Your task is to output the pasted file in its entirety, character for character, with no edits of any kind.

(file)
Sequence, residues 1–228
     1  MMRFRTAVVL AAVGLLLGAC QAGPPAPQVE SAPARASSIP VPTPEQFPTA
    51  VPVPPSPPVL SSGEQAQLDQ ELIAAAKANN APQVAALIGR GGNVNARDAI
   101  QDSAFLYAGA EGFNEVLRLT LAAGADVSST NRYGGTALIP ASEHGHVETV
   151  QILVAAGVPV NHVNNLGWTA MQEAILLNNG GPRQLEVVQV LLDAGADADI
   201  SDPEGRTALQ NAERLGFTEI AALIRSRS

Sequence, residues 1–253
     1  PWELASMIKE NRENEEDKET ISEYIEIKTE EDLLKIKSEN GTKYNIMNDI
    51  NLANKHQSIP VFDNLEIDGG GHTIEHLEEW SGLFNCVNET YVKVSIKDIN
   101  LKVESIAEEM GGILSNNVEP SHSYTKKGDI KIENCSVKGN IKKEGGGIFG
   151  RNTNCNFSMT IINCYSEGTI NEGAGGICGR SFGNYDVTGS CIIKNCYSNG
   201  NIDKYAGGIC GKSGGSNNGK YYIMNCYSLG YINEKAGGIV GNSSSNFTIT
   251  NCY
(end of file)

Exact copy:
Sequence, residues 1–228
     1  MMRFRTAVVL AAVGLLLGAC QAGPPAPQVE SAPARASSIP VPTPEQFPTA
    51  VPVPPSPPVL SSGEQAQLDQ ELIAAAKANN APQVAALIGR GGNVNARDAI
   101  QDSAFLYAGA EGFNEVLRLT LAAGADVSST NRYGGTALIP ASEHGHVETV
   151  QILVAAGVPV NHVNNLGWTA MQEAILLNNG GPRQLEVVQV LLDAGADADI
   201  SDPEGRTALQ NAERLGFTEI AALIRSRS

Sequence, residues 1–253
     1  PWELASMIKE NRENEEDKET ISEYIEIKTE EDLLKIKSEN GTKYNIMNDI
    51  NLANKHQSIP VFDNLEIDGG GHTIEHLEEW SGLFNCVNET YVKVSIKDIN
   101  LKVESIAEEM GGILSNNVEP SHSYTKKGDI KIENCSVKGN IKKEGGGIFG
   151  RNTNCNFSMT IINCYSEGTI NEGAGGICGR SFGNYDVTGS CIIKNCYSNG
   201  NIDKYAGGIC GKSGGSNNGK YYIMNCYSLG YINEKAGGIV GNSSSNFTIT
   251  NCY